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PowerPoint Presentation:

Chapter 12 National Income Accounting and the Balance of Payments

Chapter Organization:

2 Chapter Organization The National Income Accounts National Income Accounting for an Open Economy The Balance of Payment Accounts

The National Income Accounts:

3 The National Income Accounts Gross national product (GNP) The value of all final goods and services produced by a country’s factors of production and sold on the market in a given time period GNP calculation Consumption Investment Government purchases Current account balance

The National Income Accounts:

4 National Product and National Income National Income It is earned over a period by its factors of production. It must equal the GNP a country generates over some period of time. One person’s spending is another’s income (i.e., total spending must equal total income). The National Income Accounts

The National Income Accounts:

5 Capital Depreciation, International Transfers, and Indirect Business Taxes Adjustments to the definition of GNP: Depreciation of capital Net unilateral transfers of income Indirect business taxes The National Income Accounts

The National Income Accounts:

6 Gross Domestic Product (GDP) It equals GNP minus net receipts of factor income from the rest of the world. It does not correct for the portion of countries’ production carried out using services provided by foreign-owned capital. The National Income Accounts

National Income Accounting for an Open Economy:

7 The National Income Identity for an Open Economy Y = C + I + G + EX – IM (12-1) where: Y is GNP C is consumption I is investment G is government purchases EX is exports IM is imports In a closed economy, EX = IM = 0. National Income Accounting for an Open Economy

National Income Accounting for an Open Economy:

8 The Current Account and Foreign Indebtedness Current account ( CA ) balance The difference between exports of goods and services and imports of goods and services ( CA = EX – IM ) CA measures the size and direction of international borrowing. National Income Accounting for an Open Economy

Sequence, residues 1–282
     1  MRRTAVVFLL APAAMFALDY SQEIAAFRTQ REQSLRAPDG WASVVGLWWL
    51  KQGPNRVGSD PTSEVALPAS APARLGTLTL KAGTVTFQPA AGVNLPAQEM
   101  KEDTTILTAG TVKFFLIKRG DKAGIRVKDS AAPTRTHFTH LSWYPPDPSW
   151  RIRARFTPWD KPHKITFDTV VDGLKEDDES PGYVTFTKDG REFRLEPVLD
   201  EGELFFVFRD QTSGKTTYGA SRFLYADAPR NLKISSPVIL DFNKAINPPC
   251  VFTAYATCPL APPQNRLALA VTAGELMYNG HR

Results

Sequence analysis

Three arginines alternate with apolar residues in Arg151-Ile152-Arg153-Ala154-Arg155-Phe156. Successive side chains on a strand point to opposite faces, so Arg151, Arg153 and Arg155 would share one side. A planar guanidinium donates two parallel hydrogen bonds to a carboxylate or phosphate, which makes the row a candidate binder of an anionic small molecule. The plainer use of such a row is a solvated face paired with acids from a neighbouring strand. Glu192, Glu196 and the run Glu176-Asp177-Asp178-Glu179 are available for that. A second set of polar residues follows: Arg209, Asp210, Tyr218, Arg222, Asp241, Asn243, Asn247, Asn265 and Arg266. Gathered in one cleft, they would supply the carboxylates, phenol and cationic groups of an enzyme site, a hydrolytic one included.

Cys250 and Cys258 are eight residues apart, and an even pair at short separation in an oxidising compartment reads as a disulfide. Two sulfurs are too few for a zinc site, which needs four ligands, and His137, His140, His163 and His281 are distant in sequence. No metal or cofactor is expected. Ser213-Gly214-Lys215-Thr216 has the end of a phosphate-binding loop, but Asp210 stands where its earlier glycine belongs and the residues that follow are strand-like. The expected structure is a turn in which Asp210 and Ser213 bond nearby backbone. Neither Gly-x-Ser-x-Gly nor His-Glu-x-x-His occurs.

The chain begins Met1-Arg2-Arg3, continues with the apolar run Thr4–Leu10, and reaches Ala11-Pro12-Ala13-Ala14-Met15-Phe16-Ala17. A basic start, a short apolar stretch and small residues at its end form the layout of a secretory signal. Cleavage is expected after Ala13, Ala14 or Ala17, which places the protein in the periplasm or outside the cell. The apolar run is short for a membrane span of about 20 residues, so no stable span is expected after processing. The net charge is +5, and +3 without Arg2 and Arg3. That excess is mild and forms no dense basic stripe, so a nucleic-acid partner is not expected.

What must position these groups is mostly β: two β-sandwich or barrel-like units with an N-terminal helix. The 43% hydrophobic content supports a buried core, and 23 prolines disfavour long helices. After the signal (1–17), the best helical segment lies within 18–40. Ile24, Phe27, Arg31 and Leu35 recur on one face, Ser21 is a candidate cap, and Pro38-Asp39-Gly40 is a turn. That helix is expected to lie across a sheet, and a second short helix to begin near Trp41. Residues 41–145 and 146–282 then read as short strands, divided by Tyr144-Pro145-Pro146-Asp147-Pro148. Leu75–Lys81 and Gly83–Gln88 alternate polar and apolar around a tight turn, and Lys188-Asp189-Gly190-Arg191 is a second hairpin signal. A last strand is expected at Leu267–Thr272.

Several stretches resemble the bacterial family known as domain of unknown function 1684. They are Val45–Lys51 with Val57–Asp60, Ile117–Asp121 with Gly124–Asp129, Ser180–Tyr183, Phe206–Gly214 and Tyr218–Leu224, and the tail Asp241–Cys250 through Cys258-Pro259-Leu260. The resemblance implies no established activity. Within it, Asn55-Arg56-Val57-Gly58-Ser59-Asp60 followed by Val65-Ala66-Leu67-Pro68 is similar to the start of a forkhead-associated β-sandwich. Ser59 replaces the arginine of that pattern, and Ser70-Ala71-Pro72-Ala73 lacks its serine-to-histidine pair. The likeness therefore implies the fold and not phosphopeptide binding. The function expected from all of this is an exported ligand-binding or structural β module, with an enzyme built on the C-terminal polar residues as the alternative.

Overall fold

National Income Accounting for an Open Economy:

9 CA balance is equal to the difference between national income and domestic residents’ spending: Y – (C+ I + G) = CA CA balance is goods production less domestic demand. CA balance is the excess supply of domestic financing. National Income Accounting for an Open Economy

PowerPoint Presentation:

10 Figure 12-2 : The U.S. Current Account and Net Foreign Wealth Position, 1977-2000 National Income Accounting for an Open Economy

National Income Accounting for an Open Economy:

11 Saving and the Current Account National saving ( S ) A country’s CA surplus is referred to as its net foreign investment. National Income Accounting for an Open Economy Private and Government Saving S p = I + CA – S g = I + CA – ( T – G ) = I + CA + ( G – T ) (12-2)

The Balance of Payments Accounts:

12 The Balance of Payments Accounts A track of both its payments to and its receipts from foreigners. Every international transaction automatically enters the balance of payments twice: once as a credit (+) and once as a debit (-). Exports or imports of goods or services Purchases or sales of financial assets Transfers of wealth between countries They are recorded in the capital account

The Balance of Payments Accounts:

13 The Fundamental Balance of Payments Identity Current account + financial account + capital account = 0 (12-3) The Balance of Payments Accounts The Current Account, Once Again Merchandise trade Services Income

PowerPoint Presentation:

14 The Capital Account It records asset transfers and tends to be small for the United States. The Financial Account Financial inflow (capital inflow) Financial outflow (capital outflow) The Balance of Payments Accounts The Statistical Discrepancy

PowerPoint Presentation:

15 Official Reserve Transactions Official international reserves Official foreign exchange intervention The Balance of Payments Accounts Official settlements balance (balance of payments) The book-keeping offset to the balance of official reserve transactions It is the sum of the current account balance, the capital account balance, the nonreserve portion of the financial account balance, and the statistical discrepancy. A country with a negative balance of payments may signal that it is running down its international reserve assets or incurring debts to foreign monetary authorities.

PowerPoint Presentation:

16 Case Study: Is the United States the World’s Biggest Debtor? At the end of 1999, the United States had a negative net foreign wealth position far greater than that of any other single country. The United States is the world’s biggest debtor. However, the United States has the world’s largest GNP. The Balance of Payments Accounts

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